Effectiveness: Diaphragm with spermicide is approximately 80% effective in preventing pregnancy.
Advantages: Can be reused after washing it with soap and warm water and drying it.
Disadvantages: Initially a physician or other trained person is needed to demonstrate the technique of inserting the diaphragm. After delivery, it can be used only after the uterus comes back to normal size. Practice at insertion, privacy for this to be carried out and limited facilities for washing and storing the diaphragm might prevent its use. Leaving the diaphragm in the vagina for a longer period (longer than 24 hours) can rarely cause serious infection. It cannot be used during menstruation, does not protect against STDs and HIV infection and has to be used with a spermicide.
Spermicide kills the sperms and is available as a vaginal pessary. The pessary is held between the finger tips and inserted deep into the vagina, 5-10 minutes before intercourse. On dissolving, the pessary releases the spermicide which destroys sperms on contact and thus prevents pregnancy.
Advantages: Safe, convenient, effective, needs no prescription, no side effects, pain or bleeding, dissolves completely and is routinely passed out, is used as a lubricant with a condom.
Disadvantages: There is no spermicide which is effective in preventing pregnancy when used alone; hence it is best used in conjunction with barrier methods, has to be applied every 1-2 hours, does not protect against STDs and HIV infection, needs to be used with each act of intercourse, can cause irritation, can rarely cause local allergic reaction, may increase the risk of urinary tract infection and may seem messy.
The IUD is one of the most effective reversible methods of contraception. It is a device inserted into the uterine cavity and left for the required period of time for the purpose of contraception. The best time of insertion is at the last few days of menses, any time during the menstrual cycle if pregnancy can be excluded, 6-8 weeks after delivery, 3 months after caesarean and immediately after spontaneous or legally induced first trimester abortion. IUDs work mainly by interfering with the sperm's ability to reach the egg thus preventing fertilization, and interfering with the normal development of the egg. Pregnancy should be excluded before IUD insertion. There are 2 types of IUDs - non-medicated (first generation) and medicated (second and third generation).
i) First generation IUDs: These comprise the inert, non-medicated devices, e.g. Lippes loop. It is made up of a loop that has attached threads or tail, made of fine nylon, projecting into the vagina after insertion, which assures that the loop is in its place and makes it easy to remove the loop when desired.
Effectiveness: They are approximately 97% effective in preventing pregnancy.
ii) Second generation IUDs: These are made by adding copper to the IUD, which has strong anti-fertility effect. The newer copper devices are more effective in preventing pregnancy than the older or inert ones and can be left in place safely up to 3-5 years unless there is a need to remove it due to medical or personal reasons. There are lesser chances of the IUD getting expelled, lower incidence of side effects and increased contraceptive effectiveness.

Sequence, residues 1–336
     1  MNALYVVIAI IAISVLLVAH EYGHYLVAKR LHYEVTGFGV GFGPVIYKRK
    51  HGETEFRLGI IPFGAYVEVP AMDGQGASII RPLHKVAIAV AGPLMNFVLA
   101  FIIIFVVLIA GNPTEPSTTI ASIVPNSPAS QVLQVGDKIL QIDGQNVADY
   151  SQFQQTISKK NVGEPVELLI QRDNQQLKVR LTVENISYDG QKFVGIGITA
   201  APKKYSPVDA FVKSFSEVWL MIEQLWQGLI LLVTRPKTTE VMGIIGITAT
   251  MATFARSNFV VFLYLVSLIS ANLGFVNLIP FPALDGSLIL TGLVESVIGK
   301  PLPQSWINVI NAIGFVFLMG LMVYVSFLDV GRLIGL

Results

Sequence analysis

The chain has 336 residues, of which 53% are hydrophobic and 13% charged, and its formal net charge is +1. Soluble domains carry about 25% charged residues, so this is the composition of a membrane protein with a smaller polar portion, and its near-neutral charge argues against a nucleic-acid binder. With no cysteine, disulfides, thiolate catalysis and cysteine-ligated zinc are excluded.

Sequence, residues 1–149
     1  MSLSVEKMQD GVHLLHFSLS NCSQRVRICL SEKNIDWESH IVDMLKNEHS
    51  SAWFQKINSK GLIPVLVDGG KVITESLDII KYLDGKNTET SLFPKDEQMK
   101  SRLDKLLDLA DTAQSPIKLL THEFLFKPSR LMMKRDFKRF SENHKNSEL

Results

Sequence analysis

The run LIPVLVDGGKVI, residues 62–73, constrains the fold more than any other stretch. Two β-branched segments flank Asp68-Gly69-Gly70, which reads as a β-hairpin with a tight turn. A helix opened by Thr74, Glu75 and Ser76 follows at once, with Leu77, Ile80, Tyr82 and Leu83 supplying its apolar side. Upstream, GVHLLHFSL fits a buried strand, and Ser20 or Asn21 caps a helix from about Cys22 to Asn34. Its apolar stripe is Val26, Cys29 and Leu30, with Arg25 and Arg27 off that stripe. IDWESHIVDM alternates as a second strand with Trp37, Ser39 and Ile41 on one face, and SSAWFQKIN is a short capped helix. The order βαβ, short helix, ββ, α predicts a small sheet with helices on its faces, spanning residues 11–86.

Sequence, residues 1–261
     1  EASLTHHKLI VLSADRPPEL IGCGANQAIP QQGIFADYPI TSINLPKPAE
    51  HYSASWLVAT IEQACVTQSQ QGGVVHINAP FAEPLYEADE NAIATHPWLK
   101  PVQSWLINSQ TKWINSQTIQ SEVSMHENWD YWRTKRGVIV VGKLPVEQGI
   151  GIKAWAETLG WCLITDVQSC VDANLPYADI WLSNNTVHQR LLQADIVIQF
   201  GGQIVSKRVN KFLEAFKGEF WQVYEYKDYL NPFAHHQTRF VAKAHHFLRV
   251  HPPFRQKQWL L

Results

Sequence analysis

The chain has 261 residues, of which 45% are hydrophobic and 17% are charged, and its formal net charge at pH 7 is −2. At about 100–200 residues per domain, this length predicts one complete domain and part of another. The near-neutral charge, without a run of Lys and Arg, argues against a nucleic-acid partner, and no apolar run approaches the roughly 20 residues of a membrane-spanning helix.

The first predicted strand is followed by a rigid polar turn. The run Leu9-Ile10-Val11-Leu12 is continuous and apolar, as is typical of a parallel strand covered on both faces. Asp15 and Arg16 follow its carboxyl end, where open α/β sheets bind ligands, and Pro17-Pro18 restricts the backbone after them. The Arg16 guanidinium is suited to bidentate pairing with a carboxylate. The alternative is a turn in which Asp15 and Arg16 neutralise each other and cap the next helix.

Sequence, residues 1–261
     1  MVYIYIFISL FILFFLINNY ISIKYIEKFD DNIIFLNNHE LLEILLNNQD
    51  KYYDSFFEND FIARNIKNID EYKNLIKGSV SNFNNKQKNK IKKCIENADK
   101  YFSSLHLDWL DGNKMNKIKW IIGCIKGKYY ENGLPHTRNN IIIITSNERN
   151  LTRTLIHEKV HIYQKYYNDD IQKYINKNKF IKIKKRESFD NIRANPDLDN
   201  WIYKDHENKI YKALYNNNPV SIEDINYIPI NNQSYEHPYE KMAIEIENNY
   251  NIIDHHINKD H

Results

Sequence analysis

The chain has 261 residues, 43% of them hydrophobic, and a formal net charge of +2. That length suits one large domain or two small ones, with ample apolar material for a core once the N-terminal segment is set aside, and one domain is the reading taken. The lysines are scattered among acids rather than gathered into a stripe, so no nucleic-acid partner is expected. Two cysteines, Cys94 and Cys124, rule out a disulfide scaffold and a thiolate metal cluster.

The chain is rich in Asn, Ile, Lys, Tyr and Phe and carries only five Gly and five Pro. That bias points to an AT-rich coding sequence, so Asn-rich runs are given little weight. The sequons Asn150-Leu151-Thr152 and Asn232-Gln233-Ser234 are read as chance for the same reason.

Effectiveness: They are approximately 97-99% effective in preventing pregnancy.
iii) Third generation IUDs: These slowly release the hormone levonorgestrel. With this, there is lower menstrual blood loss, fewer days of bleeding, low pregnancy rate, lesser side effects and can be used up to 5 years.
Effectiveness: They are more than 99% effective in preventing pregnancy.
Advantages: Simple and quick procedure to be carried out by an experienced doctor, once inserted the IUD stays in place as long as required, there is no need to remember to use the method every day or with every intercourse, well tolerated, reversible contraceptive effect once the IUD is removed, free of side effects related to the body system, reduced dysmenorrhoea (painful menses), highest continuation rates, safe in smoking, breast feeding and sexually active women of any age. It is also effective as post intercourse contraceptive if inserted within 3-5 days of unprotected sex.
Disadvantages: Requires a visit to the doctor for IUD insertion, can produce side effects such as heavy menstruation or spotting, does not protect against STDs or HIV infection, expulsion of IUD, ectopic pregnancy, infection, pain during or after intercourse, pain in lower abdomen or unusual vaginal discharge, fever; rarely the IUD might tear the uterus or cervix.
Should not be used in case of: Suspected pregnancy, immediately after second trimester abortion, illegal abortion, existing infections, unknown cause of vaginal bleeding, cancer of the cervix, uterus, ovaries, fallopian tubes or other pelvic tumours, previous ectopic pregnancy, anaemia, menorrhagia (heavy menses), infection of vagina, abnormal uterus, fibroids.